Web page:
Born on September 17, 1804, Washington County, state Senator William Hopkins was the son of Thomas H. and Elizabeth Moffitt Hopkins, originally of Maryland. Hopkins’ most auspicious occasion was as the Speaker of the “Hopkins House” during the Buckshot War, 1838-1840.
In 1827, William received an executive appointment as justice of the peace of Pike Run township; served in the House of Representatives, 1834-1839; House Speaker, 1838-39-40; appointed commissioner of the Cumberland Road, 1840-1845; Secretary of the Land Office, 1842; he was an unsuccessful candidate for Congress, 1844 and 1848; and elected Canal Commissioner, 1852-1855. In 1849 he served as a member of the Borough Council, on which he was elected burgess in 1850 and assistant burgess in 1857-58. In his later years he was engaged in the banking business and served as school director many years. In 1861 and 1862 he was again elected to the House of Representatives; in 1863 he was elected to the State Senate; and in 1872, Col. Hopkins was elected a member of the state Constitutional Convention. Col. Hopkins started for a short visit home; however, on the train he contracted a severe cold, and he died shortly thereafter of pneumonia.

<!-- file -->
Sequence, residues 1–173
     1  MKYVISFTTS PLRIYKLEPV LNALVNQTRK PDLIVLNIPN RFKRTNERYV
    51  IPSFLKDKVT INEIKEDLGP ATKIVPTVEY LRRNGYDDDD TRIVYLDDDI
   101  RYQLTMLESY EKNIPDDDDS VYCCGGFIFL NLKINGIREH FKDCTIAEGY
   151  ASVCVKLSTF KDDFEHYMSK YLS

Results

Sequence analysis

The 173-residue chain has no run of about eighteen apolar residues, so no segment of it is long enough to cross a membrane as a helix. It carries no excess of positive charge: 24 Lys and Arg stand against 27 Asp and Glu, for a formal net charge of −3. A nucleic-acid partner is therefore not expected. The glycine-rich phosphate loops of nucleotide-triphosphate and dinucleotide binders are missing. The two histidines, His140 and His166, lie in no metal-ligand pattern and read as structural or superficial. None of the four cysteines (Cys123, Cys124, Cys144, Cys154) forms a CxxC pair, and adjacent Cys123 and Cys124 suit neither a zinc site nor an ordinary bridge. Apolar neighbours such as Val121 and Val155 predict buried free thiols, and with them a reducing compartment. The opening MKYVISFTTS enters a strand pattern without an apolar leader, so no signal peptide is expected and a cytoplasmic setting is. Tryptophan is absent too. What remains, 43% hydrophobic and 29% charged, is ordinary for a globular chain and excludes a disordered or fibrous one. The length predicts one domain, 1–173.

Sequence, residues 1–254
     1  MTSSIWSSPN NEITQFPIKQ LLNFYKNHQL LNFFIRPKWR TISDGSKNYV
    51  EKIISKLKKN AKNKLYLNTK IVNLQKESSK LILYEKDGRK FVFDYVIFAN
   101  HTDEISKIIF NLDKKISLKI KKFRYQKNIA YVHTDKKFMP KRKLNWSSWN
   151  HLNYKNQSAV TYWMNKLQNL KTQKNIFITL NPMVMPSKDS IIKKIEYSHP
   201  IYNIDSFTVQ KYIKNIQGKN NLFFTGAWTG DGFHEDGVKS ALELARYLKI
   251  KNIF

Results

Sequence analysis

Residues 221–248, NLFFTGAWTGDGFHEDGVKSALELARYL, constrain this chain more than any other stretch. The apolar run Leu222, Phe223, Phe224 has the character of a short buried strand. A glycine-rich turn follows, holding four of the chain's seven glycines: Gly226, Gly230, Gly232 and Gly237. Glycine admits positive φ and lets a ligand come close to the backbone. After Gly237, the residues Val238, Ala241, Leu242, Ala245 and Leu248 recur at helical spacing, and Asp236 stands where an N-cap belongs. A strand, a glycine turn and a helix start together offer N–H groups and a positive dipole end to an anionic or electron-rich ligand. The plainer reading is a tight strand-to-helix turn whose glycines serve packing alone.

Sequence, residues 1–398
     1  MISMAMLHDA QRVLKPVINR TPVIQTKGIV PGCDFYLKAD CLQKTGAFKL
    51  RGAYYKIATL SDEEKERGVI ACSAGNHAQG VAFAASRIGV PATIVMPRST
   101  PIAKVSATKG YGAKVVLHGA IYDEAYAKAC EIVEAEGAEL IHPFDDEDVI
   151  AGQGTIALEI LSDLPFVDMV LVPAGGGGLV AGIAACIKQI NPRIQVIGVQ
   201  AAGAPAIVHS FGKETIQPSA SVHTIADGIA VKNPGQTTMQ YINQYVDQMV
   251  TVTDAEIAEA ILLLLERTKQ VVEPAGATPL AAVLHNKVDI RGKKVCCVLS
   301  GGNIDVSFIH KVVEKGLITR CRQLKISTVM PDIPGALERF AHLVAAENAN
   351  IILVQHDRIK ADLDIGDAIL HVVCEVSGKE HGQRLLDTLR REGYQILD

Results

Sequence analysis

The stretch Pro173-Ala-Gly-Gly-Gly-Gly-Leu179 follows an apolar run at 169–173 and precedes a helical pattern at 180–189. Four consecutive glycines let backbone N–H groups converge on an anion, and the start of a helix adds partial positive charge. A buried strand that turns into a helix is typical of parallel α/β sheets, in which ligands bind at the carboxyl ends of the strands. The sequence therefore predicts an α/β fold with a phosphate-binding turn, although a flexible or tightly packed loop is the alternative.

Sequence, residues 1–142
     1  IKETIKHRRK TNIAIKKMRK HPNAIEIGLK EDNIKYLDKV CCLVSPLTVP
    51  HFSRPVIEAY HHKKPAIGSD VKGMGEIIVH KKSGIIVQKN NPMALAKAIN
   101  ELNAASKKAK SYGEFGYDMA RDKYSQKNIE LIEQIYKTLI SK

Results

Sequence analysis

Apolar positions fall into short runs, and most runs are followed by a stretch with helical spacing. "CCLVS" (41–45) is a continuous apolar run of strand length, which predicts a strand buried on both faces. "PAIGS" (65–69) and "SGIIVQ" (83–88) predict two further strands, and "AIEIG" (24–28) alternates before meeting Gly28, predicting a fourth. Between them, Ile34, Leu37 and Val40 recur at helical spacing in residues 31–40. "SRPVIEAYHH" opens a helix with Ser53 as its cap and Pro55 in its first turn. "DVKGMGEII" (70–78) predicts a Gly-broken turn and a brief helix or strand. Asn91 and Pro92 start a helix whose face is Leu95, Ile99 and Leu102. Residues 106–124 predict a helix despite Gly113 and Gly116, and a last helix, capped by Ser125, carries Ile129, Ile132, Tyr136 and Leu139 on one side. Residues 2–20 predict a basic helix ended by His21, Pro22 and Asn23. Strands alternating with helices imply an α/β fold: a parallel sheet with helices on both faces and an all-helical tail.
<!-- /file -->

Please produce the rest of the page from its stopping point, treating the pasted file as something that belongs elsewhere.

He married Elizabeth Moffitt. His niece, also Elizabeth Moffitt Hopkins, was the wife of state Senator, Dr. E.A. Wood of Allegheny County. The Hon. Speaker of the House died March 5, 1873. Senator Black, also in the convention, noted:
“I do not propose to give an analysis of his character, and it is not necessary to repeat his history. I may say, for I know it, that he was in all respects the best balanced man that it was ever my good fortune to know. His moral and personal courage were often tested; he was one of the most fearless men that ever lived, yet all his measures were in favor of peace and everyone who knew him testifies to the gentleness and kindness of his manner."